Zvamaida Murwira Senior Reporter
Speaker of the National Assembly Advocate Jacob Mudenda yesterday expressed displeasure at the budgetary vote for Parliament and the Ministry of Health and Child Care, describing them as paltry and implored Treasury to reconsider the allocations. Adv Mudenda challenged legislators to exercise their oversight role diligently by asserting their authority in terms of the Constitution to ensure Treasury prioritised allocation of resources to important arms of the State as Parliament.
He said this while addressing Members of the National Assembly during a post-budget seminar following the 2018 National Budget statement presented by Finance and Economic Planning Minister Patrick Chinamasa last month. Adv Mudenda said Parliament was allocated $57,2 million against a proposed $100 million, adding that the budget vote for the Ministry of Health and Child Care did very little to ensure an improvement in the health delivery system or to comply with the 15 percent threshold under the Abuja Declaration.
“With the meagre $57,2 million, it will not be possible for Parliament to execute its constitutionally enshrined responsibilities. This has severe implications on the tripartite principles of constitutional democracy, legality and rule of law,” said Adv Mudenda. He said in terms of Section 299 of the Constitution, Parliament was empowered to monitor and oversee expenditure by the State and Commissions and institutions.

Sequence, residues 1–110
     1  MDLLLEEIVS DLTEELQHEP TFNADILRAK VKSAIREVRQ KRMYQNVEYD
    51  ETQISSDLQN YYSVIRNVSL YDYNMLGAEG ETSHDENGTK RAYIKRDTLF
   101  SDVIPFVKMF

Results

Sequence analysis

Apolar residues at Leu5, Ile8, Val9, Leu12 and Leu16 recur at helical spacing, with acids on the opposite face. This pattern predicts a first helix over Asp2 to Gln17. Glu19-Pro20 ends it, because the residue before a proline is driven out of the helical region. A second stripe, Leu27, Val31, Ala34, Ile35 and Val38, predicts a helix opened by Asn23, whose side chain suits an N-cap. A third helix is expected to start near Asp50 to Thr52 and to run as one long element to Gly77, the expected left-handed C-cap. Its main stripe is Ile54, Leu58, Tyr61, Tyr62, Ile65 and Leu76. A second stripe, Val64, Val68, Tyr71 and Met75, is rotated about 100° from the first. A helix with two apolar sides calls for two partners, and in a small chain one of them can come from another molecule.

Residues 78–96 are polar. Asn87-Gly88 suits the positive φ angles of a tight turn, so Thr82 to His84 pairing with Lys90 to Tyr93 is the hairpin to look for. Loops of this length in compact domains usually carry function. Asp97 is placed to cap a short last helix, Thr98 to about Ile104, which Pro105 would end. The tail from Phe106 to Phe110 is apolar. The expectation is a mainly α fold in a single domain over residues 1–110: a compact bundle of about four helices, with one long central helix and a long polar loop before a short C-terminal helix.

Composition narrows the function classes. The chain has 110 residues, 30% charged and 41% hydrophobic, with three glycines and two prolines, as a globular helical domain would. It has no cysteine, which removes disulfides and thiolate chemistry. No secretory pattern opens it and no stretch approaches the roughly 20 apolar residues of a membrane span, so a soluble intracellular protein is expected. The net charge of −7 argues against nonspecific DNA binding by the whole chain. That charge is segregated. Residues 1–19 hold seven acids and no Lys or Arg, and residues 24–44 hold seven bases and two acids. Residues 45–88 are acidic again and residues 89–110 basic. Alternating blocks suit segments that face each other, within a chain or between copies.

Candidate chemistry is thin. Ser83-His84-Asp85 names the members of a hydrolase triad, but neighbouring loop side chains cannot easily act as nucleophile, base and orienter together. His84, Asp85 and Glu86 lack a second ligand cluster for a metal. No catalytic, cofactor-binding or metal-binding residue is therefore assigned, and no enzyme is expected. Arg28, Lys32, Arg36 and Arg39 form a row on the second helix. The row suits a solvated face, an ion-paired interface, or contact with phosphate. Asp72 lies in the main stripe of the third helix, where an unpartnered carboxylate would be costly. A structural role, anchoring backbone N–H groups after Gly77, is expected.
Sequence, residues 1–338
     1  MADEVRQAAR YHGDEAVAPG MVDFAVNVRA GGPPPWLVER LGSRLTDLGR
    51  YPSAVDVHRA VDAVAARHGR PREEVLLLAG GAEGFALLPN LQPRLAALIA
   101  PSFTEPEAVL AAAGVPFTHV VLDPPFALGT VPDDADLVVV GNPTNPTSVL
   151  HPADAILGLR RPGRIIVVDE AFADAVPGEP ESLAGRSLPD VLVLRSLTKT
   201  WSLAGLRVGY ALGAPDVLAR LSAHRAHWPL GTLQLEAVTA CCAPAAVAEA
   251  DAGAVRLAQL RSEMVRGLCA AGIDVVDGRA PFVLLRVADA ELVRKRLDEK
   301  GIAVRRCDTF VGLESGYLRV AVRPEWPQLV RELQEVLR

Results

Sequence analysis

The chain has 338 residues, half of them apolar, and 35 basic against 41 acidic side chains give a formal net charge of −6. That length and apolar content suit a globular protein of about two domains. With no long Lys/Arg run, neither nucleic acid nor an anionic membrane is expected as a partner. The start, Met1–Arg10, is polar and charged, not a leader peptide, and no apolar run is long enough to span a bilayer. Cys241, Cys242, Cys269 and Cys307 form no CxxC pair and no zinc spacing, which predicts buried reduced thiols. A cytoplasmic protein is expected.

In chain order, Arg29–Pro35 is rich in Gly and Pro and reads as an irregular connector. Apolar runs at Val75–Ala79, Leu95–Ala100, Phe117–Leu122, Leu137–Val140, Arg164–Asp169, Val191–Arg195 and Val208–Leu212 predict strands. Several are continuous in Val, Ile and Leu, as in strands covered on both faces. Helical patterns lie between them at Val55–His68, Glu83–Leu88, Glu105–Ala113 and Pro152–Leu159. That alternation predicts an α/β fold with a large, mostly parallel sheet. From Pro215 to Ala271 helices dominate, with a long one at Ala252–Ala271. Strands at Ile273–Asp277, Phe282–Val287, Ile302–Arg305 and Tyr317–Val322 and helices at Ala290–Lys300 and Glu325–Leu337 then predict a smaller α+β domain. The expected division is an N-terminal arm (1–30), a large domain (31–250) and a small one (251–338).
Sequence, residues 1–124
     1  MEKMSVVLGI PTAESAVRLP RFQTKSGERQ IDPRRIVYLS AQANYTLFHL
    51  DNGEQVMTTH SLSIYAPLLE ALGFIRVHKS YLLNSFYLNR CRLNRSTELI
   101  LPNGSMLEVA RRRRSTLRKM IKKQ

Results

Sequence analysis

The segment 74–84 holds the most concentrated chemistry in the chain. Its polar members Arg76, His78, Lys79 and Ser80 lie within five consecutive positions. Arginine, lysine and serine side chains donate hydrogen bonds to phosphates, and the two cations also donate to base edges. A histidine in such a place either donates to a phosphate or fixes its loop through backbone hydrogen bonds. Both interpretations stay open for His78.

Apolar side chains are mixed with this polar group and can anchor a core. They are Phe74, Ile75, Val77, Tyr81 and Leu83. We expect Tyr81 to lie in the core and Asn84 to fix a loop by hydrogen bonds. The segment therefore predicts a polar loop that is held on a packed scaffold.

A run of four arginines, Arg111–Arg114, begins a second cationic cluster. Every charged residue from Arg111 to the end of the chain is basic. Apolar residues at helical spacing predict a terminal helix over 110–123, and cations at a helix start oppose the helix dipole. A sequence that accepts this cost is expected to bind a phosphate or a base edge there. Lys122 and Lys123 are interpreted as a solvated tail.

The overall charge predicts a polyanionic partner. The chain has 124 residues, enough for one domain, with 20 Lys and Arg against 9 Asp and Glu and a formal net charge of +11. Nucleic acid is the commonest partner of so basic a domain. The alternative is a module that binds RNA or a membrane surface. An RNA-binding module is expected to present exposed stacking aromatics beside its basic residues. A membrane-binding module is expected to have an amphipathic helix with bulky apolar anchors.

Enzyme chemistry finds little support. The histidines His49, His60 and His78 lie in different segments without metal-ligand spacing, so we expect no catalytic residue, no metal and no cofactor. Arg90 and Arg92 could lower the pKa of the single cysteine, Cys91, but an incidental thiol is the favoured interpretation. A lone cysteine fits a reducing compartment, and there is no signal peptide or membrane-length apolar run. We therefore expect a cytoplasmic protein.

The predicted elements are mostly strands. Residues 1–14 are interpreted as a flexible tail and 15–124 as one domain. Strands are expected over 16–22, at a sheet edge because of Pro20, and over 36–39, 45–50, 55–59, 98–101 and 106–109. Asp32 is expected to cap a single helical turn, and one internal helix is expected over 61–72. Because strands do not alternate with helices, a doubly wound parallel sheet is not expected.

“Giving effect to this peremptory provision is not a desk exercise. It is a mammoth task that requires adequate funding which must be timeously released to Parliament. It is therefore vital to highlight that failure to comprehensively fund Parliament amounts to a violation of the cardinal principle of the separation of powers as enunciated in section 3 (2) (e) of the Constitution of Zimbabwe,” said Adv Mudenda.
The relevant provisions stipulate that all institutions and agencies of the State and Government at every level are accountable to Parliament. Adv Mudenda said MPs should not rubber stamp the National Budget as what used to happen in the past, but closely interrogate it. “That will have to stop. You have the constitutional leverage in making the demand as sometimes we forget about this constitutional leverage. I am appealing to you to exercise it in this last lap of our Eighth Parliament,” said Adv Mudenda.
“Sometimes I feel very sad when some MPs say we are a poor cousin of the State; we are allowing ourselves to be poor cousins of the State because we don’t stand up to the demands of the Constitution which clearly says all organs of the State at every level are accountable to Parliament. Hakuna simba rinopfuura ipapo.” On the Ministry of Health and Child Care allocation, Adv Mudenda said Treasury must consider revising upwards its budget.
“This ministry should have the highest allocation at most or at least comply with the 15 percent benchmark set by the Abuja Declaration. This proposal is informed by the current deplorable state of our public health delivery system,” said Adv Mudenda.
“Without life you cannot do anything. I say this from practical experience. I have had two relatives admitted at United Bulawayo Hospital. They were supposed to go for some operations and guess what, there were no morphine and swabs and on two occasions I had to send money to get the necessary medication,” he said.